Jillian McClanahan April – I think we can all agree that practice is beneficial no matter whether it’s indoors or outdoors, and we all have our preferences on which of those we prefer.
Archery outdoors is difficult because it so heavily depends on the weather. Shooting in the wind is hard because it affects the direction of the arrows drastically and you have to attempt to offset it after every shot. Shooting in the blistering Las Vegas heat can make an already mentally challenging sport much more difficult. On the opposite side, during the winter it gets so cold my fingers tense up and make it hard to shoot. But when the weather is nice and it’s not windy, shooting outside is actually pretty great. Being outdoors while shooting your bow is very refreshing because the fresh air and sunshine helps focus yourself and teaches you to ignore the many distractions of nature and prepares your focusing abilities for the day of competition.
In my opinion, practicing indoors is way more beneficial. Because you can practice any day, no matter the weather or time. The climate controlled indoor ranges ensure that you only have to focus on your technique, arrow, and target. Indoor ranges are also set up to be as close to a competition environment, so when you shoot competitively you’re more comfortable with the environment and the routine becomes second nature. Unfortunately, not everyone lives right next to an indoor range and it’s much more convenient to just walk into your backyard to shoot.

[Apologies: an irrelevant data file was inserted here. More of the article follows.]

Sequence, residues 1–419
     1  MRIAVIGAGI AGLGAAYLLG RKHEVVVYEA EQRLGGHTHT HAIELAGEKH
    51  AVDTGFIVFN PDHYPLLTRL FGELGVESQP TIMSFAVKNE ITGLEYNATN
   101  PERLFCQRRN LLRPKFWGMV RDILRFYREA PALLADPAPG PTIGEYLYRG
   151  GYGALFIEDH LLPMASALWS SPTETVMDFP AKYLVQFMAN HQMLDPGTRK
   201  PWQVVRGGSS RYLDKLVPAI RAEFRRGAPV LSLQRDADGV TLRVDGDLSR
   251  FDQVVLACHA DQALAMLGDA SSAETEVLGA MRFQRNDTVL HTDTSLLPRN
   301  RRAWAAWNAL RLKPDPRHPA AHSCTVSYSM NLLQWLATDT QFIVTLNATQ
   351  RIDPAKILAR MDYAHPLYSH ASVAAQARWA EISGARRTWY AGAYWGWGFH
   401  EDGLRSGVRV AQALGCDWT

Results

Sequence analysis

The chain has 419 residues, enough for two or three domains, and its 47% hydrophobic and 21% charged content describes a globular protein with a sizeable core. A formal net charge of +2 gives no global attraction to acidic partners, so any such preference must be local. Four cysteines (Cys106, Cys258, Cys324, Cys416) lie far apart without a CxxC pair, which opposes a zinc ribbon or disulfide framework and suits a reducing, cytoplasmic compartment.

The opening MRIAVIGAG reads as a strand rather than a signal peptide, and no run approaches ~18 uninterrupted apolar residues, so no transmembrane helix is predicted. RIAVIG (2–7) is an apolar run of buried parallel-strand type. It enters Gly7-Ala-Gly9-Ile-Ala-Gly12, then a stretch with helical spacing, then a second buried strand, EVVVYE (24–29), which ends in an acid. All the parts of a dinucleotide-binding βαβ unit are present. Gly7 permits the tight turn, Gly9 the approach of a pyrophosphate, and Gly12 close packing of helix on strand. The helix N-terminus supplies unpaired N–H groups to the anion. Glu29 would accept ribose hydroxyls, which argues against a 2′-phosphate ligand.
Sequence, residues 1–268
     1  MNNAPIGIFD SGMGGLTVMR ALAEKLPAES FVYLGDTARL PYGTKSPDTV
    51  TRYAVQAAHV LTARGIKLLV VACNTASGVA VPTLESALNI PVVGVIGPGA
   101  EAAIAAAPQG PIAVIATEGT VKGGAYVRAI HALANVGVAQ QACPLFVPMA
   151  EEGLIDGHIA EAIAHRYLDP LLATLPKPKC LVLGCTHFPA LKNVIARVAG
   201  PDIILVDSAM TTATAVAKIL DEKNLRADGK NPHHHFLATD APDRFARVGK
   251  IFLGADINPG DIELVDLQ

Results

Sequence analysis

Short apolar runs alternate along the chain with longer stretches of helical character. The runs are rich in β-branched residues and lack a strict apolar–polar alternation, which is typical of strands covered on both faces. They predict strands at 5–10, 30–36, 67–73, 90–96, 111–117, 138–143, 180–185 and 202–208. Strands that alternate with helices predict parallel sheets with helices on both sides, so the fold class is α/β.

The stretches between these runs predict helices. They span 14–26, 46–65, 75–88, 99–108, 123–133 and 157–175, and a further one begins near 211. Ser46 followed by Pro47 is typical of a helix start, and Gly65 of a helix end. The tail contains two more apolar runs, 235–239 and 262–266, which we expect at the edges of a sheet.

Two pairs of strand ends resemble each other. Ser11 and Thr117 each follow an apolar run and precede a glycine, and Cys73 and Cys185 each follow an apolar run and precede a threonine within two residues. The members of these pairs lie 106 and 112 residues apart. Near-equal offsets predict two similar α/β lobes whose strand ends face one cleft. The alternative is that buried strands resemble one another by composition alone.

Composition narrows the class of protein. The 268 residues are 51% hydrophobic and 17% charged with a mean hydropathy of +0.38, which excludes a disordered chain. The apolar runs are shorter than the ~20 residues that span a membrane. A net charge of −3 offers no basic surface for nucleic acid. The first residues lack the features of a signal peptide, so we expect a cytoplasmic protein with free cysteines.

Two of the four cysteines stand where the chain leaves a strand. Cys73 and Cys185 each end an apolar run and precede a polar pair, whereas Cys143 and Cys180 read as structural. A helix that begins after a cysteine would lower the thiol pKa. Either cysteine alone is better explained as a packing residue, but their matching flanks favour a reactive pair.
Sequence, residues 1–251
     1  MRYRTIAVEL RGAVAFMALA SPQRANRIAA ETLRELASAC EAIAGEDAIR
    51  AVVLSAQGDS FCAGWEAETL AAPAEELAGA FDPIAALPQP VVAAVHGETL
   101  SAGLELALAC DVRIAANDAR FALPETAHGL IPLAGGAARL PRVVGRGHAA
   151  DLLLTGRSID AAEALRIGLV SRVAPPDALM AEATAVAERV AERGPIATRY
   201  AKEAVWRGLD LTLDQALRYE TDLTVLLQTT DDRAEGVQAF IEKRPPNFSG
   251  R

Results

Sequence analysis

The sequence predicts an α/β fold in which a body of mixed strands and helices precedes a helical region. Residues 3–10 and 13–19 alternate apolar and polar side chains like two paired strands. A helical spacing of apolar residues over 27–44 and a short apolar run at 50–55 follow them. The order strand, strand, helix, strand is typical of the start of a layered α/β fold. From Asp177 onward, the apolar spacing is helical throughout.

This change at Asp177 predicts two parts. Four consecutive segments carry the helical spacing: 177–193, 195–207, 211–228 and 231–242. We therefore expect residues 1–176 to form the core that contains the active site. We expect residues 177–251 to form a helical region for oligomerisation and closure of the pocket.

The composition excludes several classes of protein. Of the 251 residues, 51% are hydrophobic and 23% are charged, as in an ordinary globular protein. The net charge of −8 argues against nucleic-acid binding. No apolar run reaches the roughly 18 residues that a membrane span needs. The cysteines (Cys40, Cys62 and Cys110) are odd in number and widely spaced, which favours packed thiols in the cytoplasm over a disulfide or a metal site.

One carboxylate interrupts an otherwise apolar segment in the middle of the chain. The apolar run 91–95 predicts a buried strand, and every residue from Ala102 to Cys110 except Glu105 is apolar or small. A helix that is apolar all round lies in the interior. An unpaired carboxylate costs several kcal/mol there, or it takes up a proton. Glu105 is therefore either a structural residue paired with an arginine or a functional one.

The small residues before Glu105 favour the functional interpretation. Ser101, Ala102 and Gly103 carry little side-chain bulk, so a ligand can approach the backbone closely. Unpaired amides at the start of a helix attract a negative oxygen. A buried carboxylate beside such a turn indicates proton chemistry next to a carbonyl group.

The most important thing for outdoor archery practice in your backyard is safety for yourself and safety for those around you. Here are a few tips on how to create your own backyard archery range. All situations are different, because shooting in a rural area is much different than shooting in a densely populated city.
In my specific case, I have neighbors very close to my house on both sides. I am fortunate enough to have an unoccupied desert right behind my house and a brick wall that my arrows can’t penetrate. So that is my first tip, find the area in your backyard that has the least chance of you hitting anything if you happen to miss the target. Another great protective measure for the objects around you, and even your arrows, is a heavy duty tarp. Tarps don’t cost that much money and are a great tool to have when starting out practicing because it saves your arrows from being damaged when you miss! My next tip is to measure out your space, you need a fifteen and a ten yard marks. You can use sticks in the ground, sidewalk chalk or really anything to mark your space. My final tip is to be aware of your surroundings. Do not shoot if there are other people or animals outside. And remember that a bow is a weapon and not something for you and your friends to have fun with even when you have your own target.
At the end of the day, practice is beneficial no matter if you prefer indoor or outdoor ranges as long as you make the time and strive to make each session better than the last. As always, happy shooting!